Recent technical enhancements at Oak Ridge National Laboratory's High Flux Isotope Reactor are providing researchers with a more comprehensive suite of characterization tools that could help extend the lives of U.S. light-water reactors.
With these new capabilities, scientists can discern microstructural stresses in vessel steels from the microscale – millionths of a meter – to the nanoscale – billionths of a meter.
This work is especially significant because nuclear reactors supply about 20 percent of the nation's electricity, and recent budget constraints have made extending their lives a key component of the federal government's energy policy.
ANALYTICS – Device has ORNL pedigree . . .
With the introduction of Prosolia's flowprobe, researchers have an instrument that could accelerate drug discovery, aid in cancer research and improve the way scientists perform hundreds of tests.
The flowprobe system, which is based on a technique invented by Gary Van Berkel of ORNL's Chemical Sciences Division, allows for efficient, automated direct sampling of surfaces while mapping the location of each chemical.
Indianapolis-based Prosolia expects flowprobe to be especially useful for researchers doing clinical research or pathogen characterization. The company expects the product to be available in May.
CLIMATE – Going small with big computers . . .
ORNL's supercomputers are allowing climate scientists to zoom in on smaller and smaller areas to try to determine whether local and regional droughts influence climate extremes on a larger scale.
What is the probability of a drought developing in the Southwest this decade? Ultra-high-resolution climate models may improve our ability to provide informed projections. In the highest-resolution model, grid cells are a mere one-quarter of a degree (23 miles) wide. "Data at this scale is only accessible with leadership computing resources," says ORNL mathematician Rick Archibald, one of nine ORNL researchers collaborating with scientists at Lawrence Berkeley, Lawrence Livermore and Los Alamos national laboratories on the Ultra-high-resolution Global Climate Simulation project.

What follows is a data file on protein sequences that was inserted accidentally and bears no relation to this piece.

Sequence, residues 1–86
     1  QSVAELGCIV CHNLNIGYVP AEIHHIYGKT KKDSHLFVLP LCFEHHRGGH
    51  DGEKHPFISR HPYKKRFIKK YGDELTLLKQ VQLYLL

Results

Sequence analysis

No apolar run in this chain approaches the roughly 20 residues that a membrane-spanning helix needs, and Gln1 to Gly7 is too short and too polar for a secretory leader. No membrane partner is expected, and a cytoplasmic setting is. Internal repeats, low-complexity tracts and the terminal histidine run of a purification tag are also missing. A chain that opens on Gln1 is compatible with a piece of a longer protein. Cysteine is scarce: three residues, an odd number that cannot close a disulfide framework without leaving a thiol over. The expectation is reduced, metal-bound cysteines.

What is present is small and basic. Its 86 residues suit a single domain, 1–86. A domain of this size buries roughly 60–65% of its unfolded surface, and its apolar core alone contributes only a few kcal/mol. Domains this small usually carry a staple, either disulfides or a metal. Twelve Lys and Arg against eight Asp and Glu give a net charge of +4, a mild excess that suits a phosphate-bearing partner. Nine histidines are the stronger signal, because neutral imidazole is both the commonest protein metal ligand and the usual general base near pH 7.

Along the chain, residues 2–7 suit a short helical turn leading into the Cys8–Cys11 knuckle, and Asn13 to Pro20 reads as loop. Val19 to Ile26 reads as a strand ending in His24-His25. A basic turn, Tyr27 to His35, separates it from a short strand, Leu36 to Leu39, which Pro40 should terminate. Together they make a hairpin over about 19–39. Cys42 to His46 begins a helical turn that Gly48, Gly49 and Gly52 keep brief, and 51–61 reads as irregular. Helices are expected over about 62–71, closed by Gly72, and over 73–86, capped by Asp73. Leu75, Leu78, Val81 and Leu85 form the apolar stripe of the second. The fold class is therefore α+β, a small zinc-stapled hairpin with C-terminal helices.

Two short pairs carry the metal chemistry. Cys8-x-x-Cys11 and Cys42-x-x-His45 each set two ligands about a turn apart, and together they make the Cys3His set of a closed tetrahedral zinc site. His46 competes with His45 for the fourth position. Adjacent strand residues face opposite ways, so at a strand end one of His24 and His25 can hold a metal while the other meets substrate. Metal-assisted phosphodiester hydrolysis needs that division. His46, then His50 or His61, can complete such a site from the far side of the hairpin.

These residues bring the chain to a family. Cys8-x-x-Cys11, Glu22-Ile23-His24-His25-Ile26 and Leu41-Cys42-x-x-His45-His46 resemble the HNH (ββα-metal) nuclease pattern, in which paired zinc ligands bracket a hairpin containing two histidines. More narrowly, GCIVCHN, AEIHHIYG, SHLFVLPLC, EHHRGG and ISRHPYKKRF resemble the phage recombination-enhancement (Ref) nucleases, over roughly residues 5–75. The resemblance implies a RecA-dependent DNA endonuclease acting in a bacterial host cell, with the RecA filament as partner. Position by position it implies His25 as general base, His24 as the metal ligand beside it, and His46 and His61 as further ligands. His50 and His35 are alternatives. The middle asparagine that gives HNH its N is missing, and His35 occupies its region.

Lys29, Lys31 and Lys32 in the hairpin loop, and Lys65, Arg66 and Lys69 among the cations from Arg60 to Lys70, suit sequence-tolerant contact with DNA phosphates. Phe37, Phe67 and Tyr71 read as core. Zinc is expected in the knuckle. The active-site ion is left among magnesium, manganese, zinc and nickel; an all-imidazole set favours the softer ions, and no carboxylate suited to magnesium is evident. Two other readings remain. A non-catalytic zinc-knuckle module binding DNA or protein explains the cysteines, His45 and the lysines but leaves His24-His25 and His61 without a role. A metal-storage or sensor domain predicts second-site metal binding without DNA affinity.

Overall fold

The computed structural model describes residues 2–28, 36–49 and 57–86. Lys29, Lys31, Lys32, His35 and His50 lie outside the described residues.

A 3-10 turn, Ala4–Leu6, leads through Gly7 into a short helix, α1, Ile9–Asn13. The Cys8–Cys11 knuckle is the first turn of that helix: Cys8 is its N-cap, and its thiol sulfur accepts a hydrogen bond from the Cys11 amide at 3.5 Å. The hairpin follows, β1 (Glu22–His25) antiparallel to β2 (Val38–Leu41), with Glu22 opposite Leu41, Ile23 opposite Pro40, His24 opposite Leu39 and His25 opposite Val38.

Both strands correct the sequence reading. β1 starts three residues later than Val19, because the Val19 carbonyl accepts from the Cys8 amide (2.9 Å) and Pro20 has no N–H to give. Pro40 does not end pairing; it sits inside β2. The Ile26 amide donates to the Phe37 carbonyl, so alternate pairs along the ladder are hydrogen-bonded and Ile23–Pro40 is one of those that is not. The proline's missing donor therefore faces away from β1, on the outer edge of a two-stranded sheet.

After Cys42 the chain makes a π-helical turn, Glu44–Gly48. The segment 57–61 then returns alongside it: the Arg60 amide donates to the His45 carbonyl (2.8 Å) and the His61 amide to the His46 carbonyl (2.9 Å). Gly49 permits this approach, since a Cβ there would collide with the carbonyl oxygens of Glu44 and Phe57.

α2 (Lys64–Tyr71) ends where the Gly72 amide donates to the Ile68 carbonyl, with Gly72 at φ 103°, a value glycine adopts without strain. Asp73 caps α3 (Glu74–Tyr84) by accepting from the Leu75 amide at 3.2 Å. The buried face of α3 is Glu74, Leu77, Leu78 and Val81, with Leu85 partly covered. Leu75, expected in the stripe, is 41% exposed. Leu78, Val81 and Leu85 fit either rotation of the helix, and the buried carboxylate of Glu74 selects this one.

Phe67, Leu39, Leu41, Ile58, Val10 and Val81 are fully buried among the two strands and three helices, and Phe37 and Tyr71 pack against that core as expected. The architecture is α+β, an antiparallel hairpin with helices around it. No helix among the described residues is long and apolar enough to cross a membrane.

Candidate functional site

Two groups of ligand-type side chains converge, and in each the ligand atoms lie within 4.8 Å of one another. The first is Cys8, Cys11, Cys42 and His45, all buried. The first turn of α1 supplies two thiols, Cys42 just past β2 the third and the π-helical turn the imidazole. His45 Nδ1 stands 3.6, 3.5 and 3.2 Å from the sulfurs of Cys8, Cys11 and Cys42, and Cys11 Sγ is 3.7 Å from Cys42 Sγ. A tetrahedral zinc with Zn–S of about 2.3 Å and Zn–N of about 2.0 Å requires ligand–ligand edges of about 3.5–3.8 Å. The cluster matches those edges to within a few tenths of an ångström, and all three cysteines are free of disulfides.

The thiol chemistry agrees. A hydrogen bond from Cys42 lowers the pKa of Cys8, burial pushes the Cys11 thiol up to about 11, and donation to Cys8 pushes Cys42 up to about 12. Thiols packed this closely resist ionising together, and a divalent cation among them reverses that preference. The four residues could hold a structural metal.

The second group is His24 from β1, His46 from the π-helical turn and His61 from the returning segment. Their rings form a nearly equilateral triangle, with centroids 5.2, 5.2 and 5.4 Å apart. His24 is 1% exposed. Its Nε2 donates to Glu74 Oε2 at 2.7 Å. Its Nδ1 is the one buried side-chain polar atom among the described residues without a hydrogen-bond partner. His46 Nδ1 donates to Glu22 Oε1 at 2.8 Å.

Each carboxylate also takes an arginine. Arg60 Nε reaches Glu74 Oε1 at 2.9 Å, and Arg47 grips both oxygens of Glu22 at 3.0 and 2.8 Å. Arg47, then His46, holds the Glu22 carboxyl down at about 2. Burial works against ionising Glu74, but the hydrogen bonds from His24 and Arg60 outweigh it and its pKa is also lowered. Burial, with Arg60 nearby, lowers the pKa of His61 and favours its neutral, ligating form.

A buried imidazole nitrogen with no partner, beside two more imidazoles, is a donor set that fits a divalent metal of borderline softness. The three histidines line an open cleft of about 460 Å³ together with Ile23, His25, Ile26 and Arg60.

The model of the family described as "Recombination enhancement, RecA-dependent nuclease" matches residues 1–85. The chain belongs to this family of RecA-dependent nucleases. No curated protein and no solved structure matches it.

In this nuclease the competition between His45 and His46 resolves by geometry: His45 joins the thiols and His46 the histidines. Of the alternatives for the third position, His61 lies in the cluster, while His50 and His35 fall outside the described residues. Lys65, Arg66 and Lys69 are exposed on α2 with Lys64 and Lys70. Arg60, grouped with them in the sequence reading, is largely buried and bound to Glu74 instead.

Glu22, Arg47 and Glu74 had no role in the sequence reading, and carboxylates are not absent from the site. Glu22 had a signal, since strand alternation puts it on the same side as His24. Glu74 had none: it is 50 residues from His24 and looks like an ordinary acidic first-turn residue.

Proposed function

TRANSPORTATION – Highway to green . . .
Aggressive government policies, technological advances and increased use of alternative fuels will be needed to reduce petroleum consumption by 80 percent by 2050, according to a National Research Council report.
"If technology advances and the transition is achieved, the total benefits to society are likely to be many times the extra costs of the transition," said Oak Ridge National Laboratory's David Greene, who contributed to the report. He and colleague Changzheng Liu noted that the benefits include not only reduced greenhouse gas emissions and petroleum independence, but also energy savings and increased consumer satisfaction with advanced technology vehicles, resulting in increased sales of cars. The 186-page report is available at http://www.nap.edu/catalog.php?record_id=18264.
ENVIRONMENT -- Seeing through soil . . .
Recent droughts have drawn attention to the importance of water availability and management in agriculture and forestry, yet how plants absorb and distribute water is not well understood by scientists.
ORNL researchers are working on ways to study how plants take up and move water through their roots, which has been difficult to do because roots are underground. The research team recently used a nondestructive technique called neutron imaging at ORNL's High Flux Isotope Reactor to track and measure water flux in live plant samples.
"We can see the roots hydrate and watch how water moves within the roots under different environmental driving forces," said ORNL's Jeff Warren. "We've never been able to visualize this process." Data from the experiments will be used to improve root representation in climate models that could help farmers and foresters adapt to changing environmental conditions. The team's research is published in Plant and Soil.